Did you know that over half of the world’s agricultural land is affected by desertification? With around 12 million hectares of fertile land lost every year, it is an issue that impacts over 1.5 billion people worldwide.
Such startling facts are the driving force behind The Salt Project, an initiative to combat desertification by using seawater to build and sustain habitable cities in the world’s driest regions.
Essentially, the idea involves pumping sea water into arid areas, where it can be distilled by the sun’s energy in greenhouses. Once separated, the fresh water is used for farming produce, and the salt strengthened and utilised as a building material.
This ingenious circular model creates a fully-sustainable, closed eco-system. So in theory, self-sufficient communities – and even cities – could spring up and thrive in deserts and other harsh drylands.
The Salt Project is the brainchild of Eric Gebeors, a Dutch innovator who conceived the idea whilst studying architecture at TU Delft. He is now leading project research and development at the Salt Lab in Rotterdam.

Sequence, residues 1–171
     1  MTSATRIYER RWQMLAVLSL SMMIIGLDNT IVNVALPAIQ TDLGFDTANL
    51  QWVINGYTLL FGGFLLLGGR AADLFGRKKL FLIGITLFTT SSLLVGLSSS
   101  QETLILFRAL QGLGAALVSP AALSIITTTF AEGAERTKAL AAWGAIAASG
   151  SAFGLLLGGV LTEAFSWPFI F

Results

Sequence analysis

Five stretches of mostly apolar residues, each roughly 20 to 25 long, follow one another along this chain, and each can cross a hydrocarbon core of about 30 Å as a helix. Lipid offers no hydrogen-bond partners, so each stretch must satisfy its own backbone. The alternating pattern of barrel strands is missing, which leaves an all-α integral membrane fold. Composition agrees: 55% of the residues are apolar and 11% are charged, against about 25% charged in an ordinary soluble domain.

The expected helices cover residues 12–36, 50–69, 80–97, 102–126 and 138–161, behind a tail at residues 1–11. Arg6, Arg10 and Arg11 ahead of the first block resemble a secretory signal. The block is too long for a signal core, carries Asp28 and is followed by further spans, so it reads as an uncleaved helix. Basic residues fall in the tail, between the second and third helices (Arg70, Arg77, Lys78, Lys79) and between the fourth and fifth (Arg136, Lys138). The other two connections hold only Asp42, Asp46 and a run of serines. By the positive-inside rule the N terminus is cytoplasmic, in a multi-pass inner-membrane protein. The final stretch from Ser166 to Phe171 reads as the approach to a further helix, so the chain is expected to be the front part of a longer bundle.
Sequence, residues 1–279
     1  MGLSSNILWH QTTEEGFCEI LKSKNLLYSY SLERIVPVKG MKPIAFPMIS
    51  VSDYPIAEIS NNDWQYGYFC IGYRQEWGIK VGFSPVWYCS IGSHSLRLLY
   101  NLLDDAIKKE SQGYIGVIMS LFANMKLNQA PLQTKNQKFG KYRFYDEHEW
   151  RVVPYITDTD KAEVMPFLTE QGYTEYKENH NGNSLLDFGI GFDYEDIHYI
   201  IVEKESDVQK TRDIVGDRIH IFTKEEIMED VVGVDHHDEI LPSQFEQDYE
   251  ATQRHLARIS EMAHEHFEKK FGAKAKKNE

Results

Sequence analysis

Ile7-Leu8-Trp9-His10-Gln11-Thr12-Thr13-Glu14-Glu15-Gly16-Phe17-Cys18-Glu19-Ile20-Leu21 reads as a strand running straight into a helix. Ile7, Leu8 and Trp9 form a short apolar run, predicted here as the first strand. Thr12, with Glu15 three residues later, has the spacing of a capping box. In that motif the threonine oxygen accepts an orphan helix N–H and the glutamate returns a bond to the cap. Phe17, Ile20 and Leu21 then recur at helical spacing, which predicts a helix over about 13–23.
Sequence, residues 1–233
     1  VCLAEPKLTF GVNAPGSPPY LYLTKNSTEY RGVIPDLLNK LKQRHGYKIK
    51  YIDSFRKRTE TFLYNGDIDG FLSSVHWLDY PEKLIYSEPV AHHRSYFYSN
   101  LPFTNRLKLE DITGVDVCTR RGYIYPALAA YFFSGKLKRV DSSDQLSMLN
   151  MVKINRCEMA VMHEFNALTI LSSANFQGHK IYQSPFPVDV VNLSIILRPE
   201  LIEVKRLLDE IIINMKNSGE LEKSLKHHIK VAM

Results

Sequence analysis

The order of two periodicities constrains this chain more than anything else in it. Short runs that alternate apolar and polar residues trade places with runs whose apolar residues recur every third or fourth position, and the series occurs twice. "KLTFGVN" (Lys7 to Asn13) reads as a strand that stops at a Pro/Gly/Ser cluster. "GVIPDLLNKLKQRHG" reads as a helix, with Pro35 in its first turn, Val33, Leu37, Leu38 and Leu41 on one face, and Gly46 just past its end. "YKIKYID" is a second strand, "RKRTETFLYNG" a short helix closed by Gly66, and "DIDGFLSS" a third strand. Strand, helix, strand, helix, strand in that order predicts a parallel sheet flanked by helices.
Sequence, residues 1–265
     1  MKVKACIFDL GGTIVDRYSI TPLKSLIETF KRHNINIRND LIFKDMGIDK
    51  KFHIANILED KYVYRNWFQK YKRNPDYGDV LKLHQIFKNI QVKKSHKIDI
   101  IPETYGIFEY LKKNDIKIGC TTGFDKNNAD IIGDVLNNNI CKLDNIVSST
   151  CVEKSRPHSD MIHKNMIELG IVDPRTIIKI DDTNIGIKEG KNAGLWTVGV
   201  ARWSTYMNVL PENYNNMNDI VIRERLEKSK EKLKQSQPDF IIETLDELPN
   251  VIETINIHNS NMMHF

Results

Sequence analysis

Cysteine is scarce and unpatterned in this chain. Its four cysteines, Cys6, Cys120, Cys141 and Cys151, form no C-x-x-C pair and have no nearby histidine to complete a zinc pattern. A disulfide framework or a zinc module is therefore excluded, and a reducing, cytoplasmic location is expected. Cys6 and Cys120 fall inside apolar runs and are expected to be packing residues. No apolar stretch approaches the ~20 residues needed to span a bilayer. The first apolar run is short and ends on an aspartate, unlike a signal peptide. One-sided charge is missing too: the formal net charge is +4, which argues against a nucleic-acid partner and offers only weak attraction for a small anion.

Recent experimentation with Salt Pup prototypes (shown below) confirms that the salt-based building material is comparable in strength to masonry, rammed earth and ice when constructed in organic forms. An algae coating is also being developed to protect the salt forms from dissolving if they are subjected to rain.
The Salt Project is currently showcasing Salt Pup prototypes at Fab City, a temporary innovation campus on Amsterdam’s Java Island, set up as part of the cultural programme for the Netherlands Presidency of the European Union.
Research and development will be ongoing throughout this event – which is open to the public and runs until 26 June. A limited number of Salt Pups (which can be used as seating) will be on sale at Fab City to raise funds for The Salt Project.
- Explore the project in full at The Salt Project website >
- To find out more about the Fab City campus and how to visit, go to to the Fab City website >
Image credits: The Salt Project, Eric Gebeors
The Salt Project features in the May edition of Rhine Capital Partners client reporting.
- On 22nd May 2016